Christina Taylor's Reviews > The House on Mango Street

The House on Mango Street by Sandra Cisneros
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Aug 03, 2012

really liked it
bookshelves: childrens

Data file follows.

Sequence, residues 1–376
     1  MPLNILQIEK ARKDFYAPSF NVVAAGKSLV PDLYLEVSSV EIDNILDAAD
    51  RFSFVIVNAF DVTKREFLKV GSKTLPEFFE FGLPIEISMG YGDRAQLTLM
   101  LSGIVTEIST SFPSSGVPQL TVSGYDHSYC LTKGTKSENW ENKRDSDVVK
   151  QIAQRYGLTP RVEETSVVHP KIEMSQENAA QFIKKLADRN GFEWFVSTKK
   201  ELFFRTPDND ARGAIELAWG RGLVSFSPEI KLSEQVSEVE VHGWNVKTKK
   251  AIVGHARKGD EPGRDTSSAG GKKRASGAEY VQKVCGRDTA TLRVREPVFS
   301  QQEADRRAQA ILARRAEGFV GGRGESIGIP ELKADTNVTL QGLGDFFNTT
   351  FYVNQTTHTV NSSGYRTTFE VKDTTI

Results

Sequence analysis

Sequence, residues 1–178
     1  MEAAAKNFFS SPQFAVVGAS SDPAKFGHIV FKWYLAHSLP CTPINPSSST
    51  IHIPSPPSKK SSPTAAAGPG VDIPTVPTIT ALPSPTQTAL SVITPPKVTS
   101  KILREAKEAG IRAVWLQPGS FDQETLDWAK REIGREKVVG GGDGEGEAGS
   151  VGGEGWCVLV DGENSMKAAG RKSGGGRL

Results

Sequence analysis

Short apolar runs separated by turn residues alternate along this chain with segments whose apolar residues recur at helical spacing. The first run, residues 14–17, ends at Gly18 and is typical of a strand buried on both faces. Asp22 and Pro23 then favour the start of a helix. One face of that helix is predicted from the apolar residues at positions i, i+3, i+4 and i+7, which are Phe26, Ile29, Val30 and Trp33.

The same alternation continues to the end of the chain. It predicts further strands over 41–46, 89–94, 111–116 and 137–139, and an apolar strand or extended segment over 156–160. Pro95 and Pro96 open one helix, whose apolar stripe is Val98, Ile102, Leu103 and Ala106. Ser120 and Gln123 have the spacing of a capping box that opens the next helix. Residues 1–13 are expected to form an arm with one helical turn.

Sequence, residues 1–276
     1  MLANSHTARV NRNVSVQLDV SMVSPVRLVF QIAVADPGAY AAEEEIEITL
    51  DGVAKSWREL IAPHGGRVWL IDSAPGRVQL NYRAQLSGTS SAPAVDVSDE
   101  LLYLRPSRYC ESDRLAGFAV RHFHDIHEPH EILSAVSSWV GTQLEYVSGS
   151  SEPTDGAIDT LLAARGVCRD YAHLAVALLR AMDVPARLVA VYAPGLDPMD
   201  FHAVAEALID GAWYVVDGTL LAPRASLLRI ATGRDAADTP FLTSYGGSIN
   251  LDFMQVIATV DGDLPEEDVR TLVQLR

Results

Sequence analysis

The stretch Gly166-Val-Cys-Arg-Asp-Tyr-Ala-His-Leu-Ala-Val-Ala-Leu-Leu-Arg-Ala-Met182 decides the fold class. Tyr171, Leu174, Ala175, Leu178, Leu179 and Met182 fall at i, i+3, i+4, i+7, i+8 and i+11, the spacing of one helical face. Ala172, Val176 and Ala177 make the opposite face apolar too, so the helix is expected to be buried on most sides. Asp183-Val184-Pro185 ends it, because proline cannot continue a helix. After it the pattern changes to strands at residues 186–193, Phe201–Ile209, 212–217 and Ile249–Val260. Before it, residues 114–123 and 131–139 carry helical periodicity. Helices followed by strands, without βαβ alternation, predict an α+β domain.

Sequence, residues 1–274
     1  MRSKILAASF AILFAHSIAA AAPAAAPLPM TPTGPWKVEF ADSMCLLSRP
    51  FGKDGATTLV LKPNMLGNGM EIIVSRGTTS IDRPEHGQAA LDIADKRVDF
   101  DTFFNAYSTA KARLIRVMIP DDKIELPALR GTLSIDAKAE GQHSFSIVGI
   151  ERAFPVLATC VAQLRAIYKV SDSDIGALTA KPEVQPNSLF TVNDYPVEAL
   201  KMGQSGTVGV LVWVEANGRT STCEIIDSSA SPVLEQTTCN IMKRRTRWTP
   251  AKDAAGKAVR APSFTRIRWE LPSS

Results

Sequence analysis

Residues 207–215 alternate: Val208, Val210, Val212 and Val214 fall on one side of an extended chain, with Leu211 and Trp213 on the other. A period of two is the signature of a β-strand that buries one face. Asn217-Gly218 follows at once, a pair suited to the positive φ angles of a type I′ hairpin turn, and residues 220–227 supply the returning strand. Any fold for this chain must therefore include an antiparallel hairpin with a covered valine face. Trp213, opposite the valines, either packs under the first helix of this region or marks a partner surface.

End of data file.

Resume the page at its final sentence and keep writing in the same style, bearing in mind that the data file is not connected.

The House on Mango Street is a fictional account of the coming-of-age of Esperanza Cordero which is loosely based on Cisneros’ own childhood in the Hispanic quarter of Chicago. According to Cisneros in an interview that appeared in the Holt, Rinehart, and Winston’s textbook Elements of Literature, “all my fiction stories are based on nonfiction, but I add and cut and paste and change the details to make them ‘more real’—to make the story more interesting.... I’m doing what every good fiction writer does. I’m taking ‘real’ people and ‘real’ events and rearranging them so as to create a better story, because ‘real’ life doesn’t have shape. But real stories do.” Reminiscent of Gloria Naylor’s Women of Brewster Place (1982), the first person point of view of this “real story” encourages the audience to intimately connect with the vignettes that have been stitched together to depict Esperanza’s burgeoning maturation in the autumn of her childhood. This woman-child toggles between being a naive narrator in regard to sexuality and being intuitive and wise beyond her years as she leads her audience through a lyrical narrative that poignantly addresses many hard realities of life such as poverty and ghettoization, shame, domestic violence, sexual assault, classicism, rigid gender roles, and racism. Nonetheless, Esperanza is able to surmount her oppressive surroundings and draw on the wisdom of Virginia Woolf in order to create for herself “a house all [her] own,” staving off hopelessness.
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